I've kept a regular journal since I was 12 years old, and every now and then when God feels silent and it seems like nothing is happening, I'll take out a volume or two of my messy scribbling and allow myself to be transported back over time. It's all in there—my awkward teenage years, college, settling into a career, the joys and heartaches of a few romantic relationships, traveling the world, finding my place in the Body of Christ, working at an orphanage in Africa, moving a few times, buying my first house, stepping out in faith. I read and laugh and shake my head, and somehow as I do, faith begins to seep back into my heart.
It's so easy to lose perspective in a long period of waiting, but looking back and seeing God's faithfulness gives me the courage I need to keep hanging on. If he's already brought me this far, why should I doubt that he'll keep leading me in the future? Why should I think he's not going to finish the work he started? I'm like the Israelites wandering around in the desert, so quickly forgetting how God led them out of Egypt and across the Red Sea, giving them manna to eat and water to drink and rescuing them from their enemies. But I don't want to lose sight of everything he's done, even though right now the next thing seems so far away.
Figure out what makes you come alive.
A few years ago I made a list of everything I want to do before I die—a list that ranges from sky-diving to writing a novel to adopting a baby from Africa to learning to drive a motorbike to going to a Broadway show in New York City. I looked at the list the other day and was pleasantly surprised at how many items I've already checked off. Just like reading my old journals, my list keeps me in touch with who I am at my core, my unique personality and interests, the passions that make me come alive, the fears and challenges I'd love to overcome.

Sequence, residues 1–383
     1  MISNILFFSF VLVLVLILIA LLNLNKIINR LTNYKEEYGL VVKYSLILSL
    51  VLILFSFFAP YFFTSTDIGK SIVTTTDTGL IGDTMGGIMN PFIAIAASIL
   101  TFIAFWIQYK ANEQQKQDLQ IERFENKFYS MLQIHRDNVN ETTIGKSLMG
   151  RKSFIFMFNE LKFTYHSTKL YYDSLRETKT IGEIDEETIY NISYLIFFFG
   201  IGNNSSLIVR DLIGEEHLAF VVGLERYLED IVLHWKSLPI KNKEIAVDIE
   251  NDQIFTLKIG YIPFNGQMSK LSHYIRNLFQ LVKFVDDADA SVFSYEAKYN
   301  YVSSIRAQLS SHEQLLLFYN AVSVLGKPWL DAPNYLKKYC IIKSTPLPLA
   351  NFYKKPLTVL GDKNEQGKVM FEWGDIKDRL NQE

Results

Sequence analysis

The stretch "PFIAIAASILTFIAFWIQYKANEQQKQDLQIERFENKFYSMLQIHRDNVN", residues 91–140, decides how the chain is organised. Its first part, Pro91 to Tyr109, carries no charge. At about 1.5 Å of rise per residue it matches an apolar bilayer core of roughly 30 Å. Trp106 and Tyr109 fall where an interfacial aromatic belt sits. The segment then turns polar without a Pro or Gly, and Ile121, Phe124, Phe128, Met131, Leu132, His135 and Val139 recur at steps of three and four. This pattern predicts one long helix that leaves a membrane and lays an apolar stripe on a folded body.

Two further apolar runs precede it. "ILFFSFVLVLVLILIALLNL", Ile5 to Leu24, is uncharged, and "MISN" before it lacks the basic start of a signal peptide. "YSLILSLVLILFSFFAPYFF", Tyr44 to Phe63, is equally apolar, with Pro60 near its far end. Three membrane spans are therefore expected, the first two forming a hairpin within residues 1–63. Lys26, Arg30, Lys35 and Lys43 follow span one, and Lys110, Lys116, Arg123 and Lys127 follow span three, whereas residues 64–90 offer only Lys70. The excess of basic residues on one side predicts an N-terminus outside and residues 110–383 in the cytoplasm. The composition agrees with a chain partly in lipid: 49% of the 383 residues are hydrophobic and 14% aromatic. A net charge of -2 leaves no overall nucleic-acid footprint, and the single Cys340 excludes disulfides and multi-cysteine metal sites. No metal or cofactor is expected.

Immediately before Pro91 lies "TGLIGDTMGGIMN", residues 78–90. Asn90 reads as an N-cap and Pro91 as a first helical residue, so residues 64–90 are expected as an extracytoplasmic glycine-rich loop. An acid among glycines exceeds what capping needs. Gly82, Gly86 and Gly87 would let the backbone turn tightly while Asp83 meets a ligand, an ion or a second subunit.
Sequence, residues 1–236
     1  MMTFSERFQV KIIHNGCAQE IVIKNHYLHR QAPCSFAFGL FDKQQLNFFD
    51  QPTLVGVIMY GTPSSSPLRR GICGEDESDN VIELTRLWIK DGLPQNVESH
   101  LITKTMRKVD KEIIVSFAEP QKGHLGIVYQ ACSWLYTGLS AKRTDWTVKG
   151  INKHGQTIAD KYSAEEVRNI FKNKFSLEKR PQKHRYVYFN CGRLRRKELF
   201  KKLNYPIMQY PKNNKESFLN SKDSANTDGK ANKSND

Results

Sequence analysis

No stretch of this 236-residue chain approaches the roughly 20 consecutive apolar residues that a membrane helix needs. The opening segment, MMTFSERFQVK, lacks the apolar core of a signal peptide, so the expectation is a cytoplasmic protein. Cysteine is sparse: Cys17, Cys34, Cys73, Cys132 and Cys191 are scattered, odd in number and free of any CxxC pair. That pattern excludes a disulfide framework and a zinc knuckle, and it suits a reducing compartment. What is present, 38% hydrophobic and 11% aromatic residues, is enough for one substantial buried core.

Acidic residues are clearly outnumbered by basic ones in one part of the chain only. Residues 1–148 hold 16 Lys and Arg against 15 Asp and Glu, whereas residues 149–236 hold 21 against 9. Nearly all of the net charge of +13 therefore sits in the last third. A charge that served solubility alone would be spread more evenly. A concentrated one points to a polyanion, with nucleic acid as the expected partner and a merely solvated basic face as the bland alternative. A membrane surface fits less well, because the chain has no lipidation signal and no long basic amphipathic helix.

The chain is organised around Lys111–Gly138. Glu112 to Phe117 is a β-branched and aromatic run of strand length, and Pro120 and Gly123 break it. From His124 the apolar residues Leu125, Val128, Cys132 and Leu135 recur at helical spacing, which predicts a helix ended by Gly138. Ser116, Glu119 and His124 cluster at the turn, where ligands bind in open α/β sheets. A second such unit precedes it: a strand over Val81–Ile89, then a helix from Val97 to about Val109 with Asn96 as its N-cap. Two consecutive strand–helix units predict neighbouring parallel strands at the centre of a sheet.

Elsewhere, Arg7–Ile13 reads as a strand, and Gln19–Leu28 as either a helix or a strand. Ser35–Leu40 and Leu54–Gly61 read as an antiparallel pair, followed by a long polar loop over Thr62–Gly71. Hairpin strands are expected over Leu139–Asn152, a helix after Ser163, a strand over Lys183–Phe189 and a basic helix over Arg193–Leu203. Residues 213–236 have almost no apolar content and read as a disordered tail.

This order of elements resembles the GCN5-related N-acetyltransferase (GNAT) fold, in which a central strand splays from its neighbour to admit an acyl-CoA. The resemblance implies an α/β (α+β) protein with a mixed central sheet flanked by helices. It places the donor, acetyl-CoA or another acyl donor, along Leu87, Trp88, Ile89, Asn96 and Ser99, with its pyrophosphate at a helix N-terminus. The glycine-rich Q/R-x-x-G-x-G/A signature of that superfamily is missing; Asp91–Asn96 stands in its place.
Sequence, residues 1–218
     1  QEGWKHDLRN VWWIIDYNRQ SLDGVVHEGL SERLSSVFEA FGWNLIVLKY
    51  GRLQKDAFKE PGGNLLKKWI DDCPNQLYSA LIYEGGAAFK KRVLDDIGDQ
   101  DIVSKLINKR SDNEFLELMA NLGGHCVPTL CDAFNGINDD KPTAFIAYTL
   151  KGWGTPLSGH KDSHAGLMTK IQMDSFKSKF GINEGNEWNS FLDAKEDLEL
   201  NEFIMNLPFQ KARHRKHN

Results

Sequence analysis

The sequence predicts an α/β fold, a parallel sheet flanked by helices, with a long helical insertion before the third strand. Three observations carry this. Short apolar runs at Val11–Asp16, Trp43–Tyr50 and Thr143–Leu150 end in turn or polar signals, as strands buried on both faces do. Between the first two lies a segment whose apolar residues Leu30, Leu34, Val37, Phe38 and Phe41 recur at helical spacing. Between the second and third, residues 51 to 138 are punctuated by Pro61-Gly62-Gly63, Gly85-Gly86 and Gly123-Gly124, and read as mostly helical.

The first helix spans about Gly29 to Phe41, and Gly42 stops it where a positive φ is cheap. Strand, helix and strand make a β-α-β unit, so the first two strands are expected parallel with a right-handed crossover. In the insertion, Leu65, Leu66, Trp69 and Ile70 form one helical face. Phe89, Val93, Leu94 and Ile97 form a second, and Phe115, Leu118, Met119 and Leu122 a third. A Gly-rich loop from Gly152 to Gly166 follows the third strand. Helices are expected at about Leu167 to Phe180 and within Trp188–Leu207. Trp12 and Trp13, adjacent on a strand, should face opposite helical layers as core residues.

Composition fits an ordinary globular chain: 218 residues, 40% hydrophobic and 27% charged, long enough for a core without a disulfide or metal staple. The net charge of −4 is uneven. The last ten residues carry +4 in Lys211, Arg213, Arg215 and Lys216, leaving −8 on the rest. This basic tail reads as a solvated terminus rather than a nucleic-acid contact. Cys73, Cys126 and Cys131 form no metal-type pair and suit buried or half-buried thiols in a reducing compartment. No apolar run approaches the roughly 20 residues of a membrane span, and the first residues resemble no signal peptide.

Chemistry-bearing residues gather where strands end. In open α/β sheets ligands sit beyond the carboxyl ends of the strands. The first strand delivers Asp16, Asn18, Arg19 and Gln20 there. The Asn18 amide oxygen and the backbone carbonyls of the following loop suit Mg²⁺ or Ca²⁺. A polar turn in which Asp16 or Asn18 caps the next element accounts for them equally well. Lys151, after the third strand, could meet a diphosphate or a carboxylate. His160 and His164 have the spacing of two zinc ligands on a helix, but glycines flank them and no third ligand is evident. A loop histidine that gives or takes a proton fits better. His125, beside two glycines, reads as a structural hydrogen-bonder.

I've come to realize that even in waiting and wondering, our hearts can be alive and growing. Every day we can pursue joy and growth and opportunities to really live. That's why I took a break from work today and went to play tennis with a friend, then had a picnic in the park and listened to the sounds of spring. That's why I often have my niece and nephew over for sleepovers where we watch cartoons and eat insane amounts of junk food and giggle late into the night. That's why I write and travel and have taken up re-finishing old pieces of furniture—because these things, in their own small way, make my heart come alive. And as long as there's life in my heart, I know I can keep waiting and trusting and hoping for the day when God will bring answers to the deeper questions I'm wrestling with.
Learn to rest.
"Cease striving and know that I am God" (Psalm 46:10, NASB). I can't count how many times that verse has made me stop in my tracks and realize that all my hard work and all the self-help books in the world will never bring about the kind of lasting change I long to see in my life. And it takes God speaking those simple words for me to realize, again, that instead of laying out ten quick steps to becoming a godlier woman, instead of burdening me with more that I need to do, God is instead inviting me to rest. He's instead calling me into relationship with him, inviting me to get to know his heart and his character. He's instead speaking to me of his love, of his delight in me, of his desire to sit with me for awhile and talk.
I'm so good at letting the trap of busyness consume me, at working tirelessly at every area in my life that I'm not satisfied with. But it's only when I step back from all that hard work and finally rest that my thirsty soul is actually satisfied, and that peace and balance are restored to my striving, unrestful spirit.
"Cease striving and know that I am God." Okay, Jesus, I will.
Yes, the season of waiting is difficult. But our roots go down deep as we wait and trust and hope in God. So whether you're waiting for guidance in a major decision, or waiting for a broken heart to heal, or waiting for love, or waiting for a clear career path to unfold, know that Jesus longs to walk with you right here, right now.
"This resurrection life you received from God is not a timid, grave-tending life. It's adventurously expectant, greeting God with a child-like 'What's next, Papa?'" (Romans 8, The Message)
Expectant. Hopeful. Confident. Now that's what I want to be known for in my season of waiting.
Copyright © 2009 ChristianityToday.com